Oldest fossilized salamander ever discovered lived 230 million years ago in Russia and provides ‘a missing link’ in the evolution of frogs
- Researchers working in Russia have uncovered the oldest salamander fossil
- The one-inch specimen live 230 million years ago on both land and in water
- The fossil is 90 million years older than those previously discovered
- Researchers noted that it is different from terapods, but more like frogs
A fossilized creature stretching just one-inch has been deemed the oldest remains of a salamander to be discovered.
The ancient amphibian, called Triassurus sixtelae, lived in Russia approximately 230 million years ago and is 90 million years older than any other found in history.
The skeletal fossil was unearthed at the Madygen Romation in Krygzstan and includes shoulder bones, a mouth and some extremities.
Researchers have also found evidence that this salamander species lived both on land and in shallow water, and is ‘a missing link’ to the evolution of frogs.
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German researcher who uncovered the fossil shared their findings in the Proceedings of the National Academy of Sciences: ‘The gap between salamanders and other lissamphibians, as well as Paleozoic tetrapods, remains considerable.’
‘Here we report a new specimen of Triassurus sixtelae, a hitherto enigmatic tetrapod from the Middle/Late Triassic of Kyrgyzstan, which we identify as the geologically oldest stem-group salamander.’
‘This sheds light not only on the early evolution of the salamander body plan, but also on the origin of the group as a whole.’
The fossil dates back 230 million years ago and is now the oldest remains of a salamander to be uncovered in recorded history.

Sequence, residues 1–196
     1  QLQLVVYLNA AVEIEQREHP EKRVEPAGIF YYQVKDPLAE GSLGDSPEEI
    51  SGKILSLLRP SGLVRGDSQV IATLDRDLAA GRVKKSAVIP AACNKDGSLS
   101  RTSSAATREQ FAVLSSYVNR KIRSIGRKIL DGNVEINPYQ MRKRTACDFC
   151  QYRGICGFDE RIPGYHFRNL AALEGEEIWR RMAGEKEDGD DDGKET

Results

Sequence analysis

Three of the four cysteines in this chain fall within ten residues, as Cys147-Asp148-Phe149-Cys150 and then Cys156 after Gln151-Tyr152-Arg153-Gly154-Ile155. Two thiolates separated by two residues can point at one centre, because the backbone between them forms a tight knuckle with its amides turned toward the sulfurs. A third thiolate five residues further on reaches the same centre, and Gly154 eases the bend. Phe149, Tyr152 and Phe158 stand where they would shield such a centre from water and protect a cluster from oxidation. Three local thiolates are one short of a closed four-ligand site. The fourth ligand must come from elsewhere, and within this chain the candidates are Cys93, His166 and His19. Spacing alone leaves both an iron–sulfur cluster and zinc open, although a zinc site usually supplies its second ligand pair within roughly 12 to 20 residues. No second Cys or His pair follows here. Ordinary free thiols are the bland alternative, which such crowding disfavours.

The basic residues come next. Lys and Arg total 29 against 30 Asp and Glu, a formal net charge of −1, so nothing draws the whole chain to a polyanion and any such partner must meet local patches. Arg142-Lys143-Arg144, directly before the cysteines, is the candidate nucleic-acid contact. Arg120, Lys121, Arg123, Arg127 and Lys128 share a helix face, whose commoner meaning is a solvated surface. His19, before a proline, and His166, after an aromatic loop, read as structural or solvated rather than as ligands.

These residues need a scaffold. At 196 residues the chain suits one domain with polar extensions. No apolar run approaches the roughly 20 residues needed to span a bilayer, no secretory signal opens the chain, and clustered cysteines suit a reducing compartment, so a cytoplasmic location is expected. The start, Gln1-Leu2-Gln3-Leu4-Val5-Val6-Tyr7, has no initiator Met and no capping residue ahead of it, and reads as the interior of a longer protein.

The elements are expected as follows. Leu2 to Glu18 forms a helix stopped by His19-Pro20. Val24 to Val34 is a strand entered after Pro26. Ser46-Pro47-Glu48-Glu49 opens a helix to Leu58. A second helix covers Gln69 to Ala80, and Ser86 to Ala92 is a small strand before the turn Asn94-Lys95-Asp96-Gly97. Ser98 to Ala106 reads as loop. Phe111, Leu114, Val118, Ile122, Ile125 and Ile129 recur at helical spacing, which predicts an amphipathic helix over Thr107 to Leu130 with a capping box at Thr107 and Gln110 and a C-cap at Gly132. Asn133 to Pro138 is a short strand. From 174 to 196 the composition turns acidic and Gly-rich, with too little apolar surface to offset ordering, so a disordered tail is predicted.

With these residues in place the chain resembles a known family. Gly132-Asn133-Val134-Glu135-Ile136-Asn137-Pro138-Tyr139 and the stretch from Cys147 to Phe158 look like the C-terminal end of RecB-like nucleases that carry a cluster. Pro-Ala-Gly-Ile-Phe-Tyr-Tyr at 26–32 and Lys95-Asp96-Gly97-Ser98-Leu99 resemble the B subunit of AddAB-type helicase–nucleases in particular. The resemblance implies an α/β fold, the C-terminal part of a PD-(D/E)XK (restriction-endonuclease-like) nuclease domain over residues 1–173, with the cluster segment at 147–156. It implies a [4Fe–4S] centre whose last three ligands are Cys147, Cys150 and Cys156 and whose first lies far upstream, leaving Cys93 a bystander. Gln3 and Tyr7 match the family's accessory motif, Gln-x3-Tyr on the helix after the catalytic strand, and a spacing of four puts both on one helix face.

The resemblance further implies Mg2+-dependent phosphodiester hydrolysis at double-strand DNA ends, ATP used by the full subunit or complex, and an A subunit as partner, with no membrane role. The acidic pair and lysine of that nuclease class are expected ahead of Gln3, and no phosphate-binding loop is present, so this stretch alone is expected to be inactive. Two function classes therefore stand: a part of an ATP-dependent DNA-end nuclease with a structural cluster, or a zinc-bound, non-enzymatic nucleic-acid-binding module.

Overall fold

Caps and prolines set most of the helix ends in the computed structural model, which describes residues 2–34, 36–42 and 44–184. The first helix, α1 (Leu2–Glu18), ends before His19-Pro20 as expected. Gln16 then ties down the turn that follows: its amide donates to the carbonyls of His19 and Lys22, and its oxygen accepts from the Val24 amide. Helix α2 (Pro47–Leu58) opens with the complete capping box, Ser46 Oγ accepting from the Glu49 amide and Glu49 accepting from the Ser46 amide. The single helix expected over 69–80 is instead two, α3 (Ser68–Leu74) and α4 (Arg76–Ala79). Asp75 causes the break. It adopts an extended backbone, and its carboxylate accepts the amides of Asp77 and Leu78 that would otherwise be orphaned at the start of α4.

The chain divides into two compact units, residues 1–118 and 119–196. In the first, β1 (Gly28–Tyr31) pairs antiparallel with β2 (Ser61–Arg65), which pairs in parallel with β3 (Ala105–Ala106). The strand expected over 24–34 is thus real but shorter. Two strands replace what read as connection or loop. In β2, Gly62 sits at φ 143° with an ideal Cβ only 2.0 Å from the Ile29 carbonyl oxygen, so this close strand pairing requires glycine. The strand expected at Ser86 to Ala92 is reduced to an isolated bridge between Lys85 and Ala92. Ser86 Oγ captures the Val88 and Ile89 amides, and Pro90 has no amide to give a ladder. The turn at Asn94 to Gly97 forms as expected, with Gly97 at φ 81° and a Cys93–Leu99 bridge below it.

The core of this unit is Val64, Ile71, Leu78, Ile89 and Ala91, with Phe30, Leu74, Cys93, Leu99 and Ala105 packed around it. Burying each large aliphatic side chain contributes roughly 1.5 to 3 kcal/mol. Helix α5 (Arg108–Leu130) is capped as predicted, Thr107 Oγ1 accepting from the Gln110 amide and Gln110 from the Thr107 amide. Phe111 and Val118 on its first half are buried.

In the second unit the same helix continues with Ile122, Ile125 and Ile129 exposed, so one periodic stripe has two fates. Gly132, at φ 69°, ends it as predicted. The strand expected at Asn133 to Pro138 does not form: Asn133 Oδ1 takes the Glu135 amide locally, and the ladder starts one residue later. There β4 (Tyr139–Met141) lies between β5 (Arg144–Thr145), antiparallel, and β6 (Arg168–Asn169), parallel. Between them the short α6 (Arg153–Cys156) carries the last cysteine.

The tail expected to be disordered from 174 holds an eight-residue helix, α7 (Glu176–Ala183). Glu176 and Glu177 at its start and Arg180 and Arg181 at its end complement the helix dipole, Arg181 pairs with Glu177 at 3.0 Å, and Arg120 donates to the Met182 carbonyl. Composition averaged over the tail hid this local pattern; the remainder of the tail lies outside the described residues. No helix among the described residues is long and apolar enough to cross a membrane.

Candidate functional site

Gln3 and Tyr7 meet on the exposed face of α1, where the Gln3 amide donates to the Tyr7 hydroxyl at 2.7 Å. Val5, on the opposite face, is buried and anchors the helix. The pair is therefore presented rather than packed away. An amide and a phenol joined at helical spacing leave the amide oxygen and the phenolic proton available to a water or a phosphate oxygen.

The creature, named Triassurus sixtelae (T. sixtelae), is about one-inch long and the fossil includes its shoulder bones, head and parts of its extremities.
The team also found the fossil showed T. sixtelae had some differences from tetrapods that put it above temnospondyls on the evolutionary tree, in a group called batrachians, which includes salamanders and frogs in modern times
The team discovered the remains several years, but was incomplete until recently when they uncovered more of the fossil.
So far, the researchers are certain that the T. sixtelae was similar to many salamander species currently living in parts of Asia.
It would have lived on the foothills of the Krgyszstan and on both land and surrounding shallow waters.
The team also found the fossil showed T. sixtelae had some differences from tetrapods that put it above temnospondyls on the evolutionary tree, in a group called batrachians, which includes salamanders and frogs in modern times.
The researchers suggest the find represents a bridge between the very oldest known salamanders and those that are still alive today.
And the location of the find suggests that salamanders may have originated in Eurasia, and then dispersed widely from there, in some cases following land bridges that existed during the Triassic Period.
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